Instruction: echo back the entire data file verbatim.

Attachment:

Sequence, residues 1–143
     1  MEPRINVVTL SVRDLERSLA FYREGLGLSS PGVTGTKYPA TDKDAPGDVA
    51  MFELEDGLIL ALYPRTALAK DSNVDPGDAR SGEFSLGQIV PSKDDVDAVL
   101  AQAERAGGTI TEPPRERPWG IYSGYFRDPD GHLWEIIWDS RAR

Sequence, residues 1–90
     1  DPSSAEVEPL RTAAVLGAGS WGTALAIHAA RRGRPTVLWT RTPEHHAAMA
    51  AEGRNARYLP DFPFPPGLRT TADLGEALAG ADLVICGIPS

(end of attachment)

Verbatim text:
Sequence, residues 1–143
     1  MEPRINVVTL SVRDLERSLA FYREGLGLSS PGVTGTKYPA TDKDAPGDVA
    51  MFELEDGLIL ALYPRTALAK DSNVDPGDAR SGEFSLGQIV PSKDDVDAVL
   101  AQAERAGGTI TEPPRERPWG IYSGYFRDPD GHLWEIIWDS RAR

Sequence, residues 1–90
     1  DPSSAEVEPL RTAAVLGAGS WGTALAIHAA RRGRPTVLWT RTPEHHAAMA
    51  AEGRNARYLP DFPFPPGLRT TADLGEALAG ADLVICGIPS